We all have weaknesses, we all have flaws in our character and in our person that prevents us from achieving the impossible goal of perfection. It's in the nature of being human and they're a part of what make us unique.
However, not all weaknesses are created equal. The same as there are different levels of talent and accolade, there are levels of weakness and mortality.
First we have the minor weaknesses, the things we're not good at but wish we were. It could be something as simple as an inability to balance a checkbook or understand a scientific idea. These are minor things that we can usually overcome with work but we usually just ignore and live with since they're mere annoyances on the grand scale of things.
Then we have our major weaknesses, flaws that are hard-wired into our lives often as trade-offs for the talents we possess and enjoy. Though with time and care we often reduce the impact they have on our lives, we can never completely get rid of them. Like a hermit struggling with people skills or a writer wrestling with math, these are gaping holes in our skill set that can never be completely filled in, no matter how hard we try. Many people spend their entire lives working around these weaknesses or trying to eliminate them, both of which are in vain.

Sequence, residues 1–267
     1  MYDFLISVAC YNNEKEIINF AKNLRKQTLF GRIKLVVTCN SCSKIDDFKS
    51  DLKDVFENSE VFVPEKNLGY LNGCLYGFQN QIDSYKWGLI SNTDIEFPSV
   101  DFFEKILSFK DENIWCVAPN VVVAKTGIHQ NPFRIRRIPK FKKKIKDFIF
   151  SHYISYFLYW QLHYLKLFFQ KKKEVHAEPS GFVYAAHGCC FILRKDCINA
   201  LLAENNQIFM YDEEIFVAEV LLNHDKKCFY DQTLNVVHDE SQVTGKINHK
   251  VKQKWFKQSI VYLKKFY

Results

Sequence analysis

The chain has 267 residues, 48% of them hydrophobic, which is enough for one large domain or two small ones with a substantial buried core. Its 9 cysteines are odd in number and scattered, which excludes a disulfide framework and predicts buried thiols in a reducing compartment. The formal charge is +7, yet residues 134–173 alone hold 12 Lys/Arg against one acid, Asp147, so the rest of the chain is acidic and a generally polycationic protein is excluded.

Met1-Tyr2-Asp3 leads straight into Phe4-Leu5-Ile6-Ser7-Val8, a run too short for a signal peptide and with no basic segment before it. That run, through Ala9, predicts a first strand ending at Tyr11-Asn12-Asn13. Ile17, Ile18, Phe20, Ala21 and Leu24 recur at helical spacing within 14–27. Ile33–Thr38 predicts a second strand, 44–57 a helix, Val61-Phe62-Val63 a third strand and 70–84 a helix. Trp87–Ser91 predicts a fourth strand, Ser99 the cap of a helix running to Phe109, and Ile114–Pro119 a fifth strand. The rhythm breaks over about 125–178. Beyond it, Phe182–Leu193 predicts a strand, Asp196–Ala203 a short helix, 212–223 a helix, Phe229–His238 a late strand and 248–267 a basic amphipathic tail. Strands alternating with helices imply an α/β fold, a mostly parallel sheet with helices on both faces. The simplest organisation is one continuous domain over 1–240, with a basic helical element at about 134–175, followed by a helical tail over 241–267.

But then there's our mortal weakness. More than just a skill we lack or a something we can't do, this is something that cuts us to the very core of our being. Something that hits us at our most primal. It's a critical, tragic flaw that we all know exists but can do nothing to stop. We can try to control it, to work around it or to somehow deal with it, but it always resurfaces, usually when we least want it, to bring tragedy back into our lives.
The ancient Greeks understood this, that's why, in their tragedies, their leads always had a fatal flaw. Be it arrogance, greed, overzealousness or a terminal lack of foresight, the main character almost always had some mortal weakness and it always brought about his or her downfall, usually in grand fashion.
Though some claim to lack such a weakness, they're blind to their own faults and that will do them more harm than any one weakness could. Knowing thyself and the flaws that we possess is more important than being remotely perfect. I know my mortal weakness, I know most of my major ones and as many minor ones as I can, I acknowledge them openly. Turning a blind eye to your weaknesses is simply giving them the opportunity to sneak up on you and hurt you all the more.
So take a moment and ponder your flaws, try to understand a side of yourself few want to see. Be honest and even brutal. It's the only way you can learn about yourself and determine where your faults rest.
Because even though you can't control your greatest weakness, knowing of it's existence and being prepared for it gives you a measure of control over it. And, if you can't eliminate something that's hurting you, controlling it is the next best thing.
And doing so will prevent you from winding up like the characters in the Greek tragedies we know and love. Because even though you can't guarantee prosperity, you can avoid tragedy and that is more than most people would be able to say if they lived a dozen lifetimes.